'How Piper Laidlaw won the Victoria Cross on September 25, 1915', (c1920). Creator
'How Piper Laidlaw won the Victoria Cross on September 25, 1915', (c1920). 'Playing the 7th King's Own Scottish Borderers out of their trenches at the Battle of Loos in the midst of the gas attack'. During the Battle of Loos in northern France, British soldier Daniel Laidlaw (1875-1950) played his bagpipes to encourage the men of his regiment. He was awarded the Victoria Cross by King George V on 3 February 1916: 'For most conspicuous bravery prior to an assault on German trenches near Loos and Hill 70...During the worst of the bombardment, Piper Laidlaw, seeing that his company was badly shaken from the effects of gas, with absolute coolness and disregard of danger, mounted the parapet, marched up and down and played company out of the trench. The effect of his splendid example was immediate and the company dashed out to the assault. Piper Laidlaw continued playing his pipes until he was wounded.' Laidlaw was also awarded the Croix de Guerre by France.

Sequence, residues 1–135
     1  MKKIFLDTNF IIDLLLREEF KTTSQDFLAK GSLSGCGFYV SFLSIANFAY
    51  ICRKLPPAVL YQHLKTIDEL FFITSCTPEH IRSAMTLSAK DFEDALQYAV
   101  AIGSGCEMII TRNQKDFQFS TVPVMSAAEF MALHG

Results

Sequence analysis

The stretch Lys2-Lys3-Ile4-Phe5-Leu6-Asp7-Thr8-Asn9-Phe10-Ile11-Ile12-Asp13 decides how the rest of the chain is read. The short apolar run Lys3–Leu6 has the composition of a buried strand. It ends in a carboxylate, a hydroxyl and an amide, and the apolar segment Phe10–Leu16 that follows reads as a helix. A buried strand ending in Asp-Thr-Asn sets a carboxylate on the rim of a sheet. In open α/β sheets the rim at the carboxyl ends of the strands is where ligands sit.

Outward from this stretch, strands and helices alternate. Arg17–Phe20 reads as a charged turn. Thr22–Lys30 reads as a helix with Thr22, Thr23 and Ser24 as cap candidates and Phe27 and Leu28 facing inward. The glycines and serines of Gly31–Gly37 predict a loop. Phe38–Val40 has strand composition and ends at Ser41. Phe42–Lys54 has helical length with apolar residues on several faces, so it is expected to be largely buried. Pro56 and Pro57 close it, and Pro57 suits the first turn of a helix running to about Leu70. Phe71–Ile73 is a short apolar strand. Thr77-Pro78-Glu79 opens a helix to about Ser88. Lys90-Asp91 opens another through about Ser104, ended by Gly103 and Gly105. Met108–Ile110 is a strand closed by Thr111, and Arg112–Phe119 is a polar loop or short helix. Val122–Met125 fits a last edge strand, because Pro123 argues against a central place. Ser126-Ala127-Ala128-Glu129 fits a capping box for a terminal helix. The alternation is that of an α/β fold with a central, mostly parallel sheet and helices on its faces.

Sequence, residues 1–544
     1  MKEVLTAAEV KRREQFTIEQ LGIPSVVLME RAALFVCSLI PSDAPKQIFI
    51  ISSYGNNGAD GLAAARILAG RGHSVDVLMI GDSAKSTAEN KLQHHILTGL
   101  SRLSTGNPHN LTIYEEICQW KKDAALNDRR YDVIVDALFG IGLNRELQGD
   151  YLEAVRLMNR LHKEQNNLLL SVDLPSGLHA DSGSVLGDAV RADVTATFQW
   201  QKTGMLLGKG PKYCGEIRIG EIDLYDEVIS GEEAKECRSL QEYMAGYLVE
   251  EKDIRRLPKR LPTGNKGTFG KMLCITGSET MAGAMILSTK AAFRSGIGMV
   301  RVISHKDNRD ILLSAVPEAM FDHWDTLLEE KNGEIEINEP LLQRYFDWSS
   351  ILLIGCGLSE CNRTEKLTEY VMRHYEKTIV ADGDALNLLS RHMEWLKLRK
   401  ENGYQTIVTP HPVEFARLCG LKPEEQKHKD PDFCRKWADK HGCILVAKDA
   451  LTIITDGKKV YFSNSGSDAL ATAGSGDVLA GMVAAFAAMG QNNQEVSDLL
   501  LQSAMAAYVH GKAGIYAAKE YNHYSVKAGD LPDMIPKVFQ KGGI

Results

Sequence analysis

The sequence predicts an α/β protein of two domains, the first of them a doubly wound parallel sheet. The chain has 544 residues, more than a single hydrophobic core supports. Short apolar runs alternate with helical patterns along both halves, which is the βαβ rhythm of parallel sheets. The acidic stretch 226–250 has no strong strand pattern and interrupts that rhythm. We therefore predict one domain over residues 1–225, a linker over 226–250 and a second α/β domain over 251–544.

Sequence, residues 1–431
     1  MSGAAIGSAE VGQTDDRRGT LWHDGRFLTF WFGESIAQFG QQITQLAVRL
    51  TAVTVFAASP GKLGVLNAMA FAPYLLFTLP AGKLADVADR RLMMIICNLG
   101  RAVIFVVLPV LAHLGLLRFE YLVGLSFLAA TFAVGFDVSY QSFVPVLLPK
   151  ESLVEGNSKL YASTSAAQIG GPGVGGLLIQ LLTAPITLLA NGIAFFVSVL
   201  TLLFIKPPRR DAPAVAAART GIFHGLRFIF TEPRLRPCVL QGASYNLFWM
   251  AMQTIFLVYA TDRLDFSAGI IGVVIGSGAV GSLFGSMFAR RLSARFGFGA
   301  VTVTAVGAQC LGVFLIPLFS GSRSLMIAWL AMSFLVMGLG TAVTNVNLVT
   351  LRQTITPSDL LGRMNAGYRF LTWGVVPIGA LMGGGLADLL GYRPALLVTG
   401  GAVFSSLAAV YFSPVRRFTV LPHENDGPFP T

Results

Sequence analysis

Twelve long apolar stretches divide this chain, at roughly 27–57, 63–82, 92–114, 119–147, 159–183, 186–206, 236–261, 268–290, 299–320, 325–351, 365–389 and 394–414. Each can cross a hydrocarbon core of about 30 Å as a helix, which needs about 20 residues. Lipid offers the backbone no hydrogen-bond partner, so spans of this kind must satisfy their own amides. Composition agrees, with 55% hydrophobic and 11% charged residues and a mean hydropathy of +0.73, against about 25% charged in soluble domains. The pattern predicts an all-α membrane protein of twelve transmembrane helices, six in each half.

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Storming of the Dargai Heights by the 1st Gordon Highlanders and the Gurkhas, 1897 (1906). Artists: Vereker Monteith Hamilton, Unknown
Storming of the Dargai Heights by the 1st Gordon Highlanders and the Gurkhas, 1897 (1906). Figthing between British troops and Afridi tribesmen on the North-West Frontier during the Tirah Campaign. Four Victoria Crosses were awarded after the action. One of the recipients was piper George Findlater (pictured) who continued to play to encourage his battalion`s advance, despite having been wounded. From Cassell's History of England, Vol. IX, [Cassell and Company, Limited, London, Paris, New York & Melbourne, 1906]
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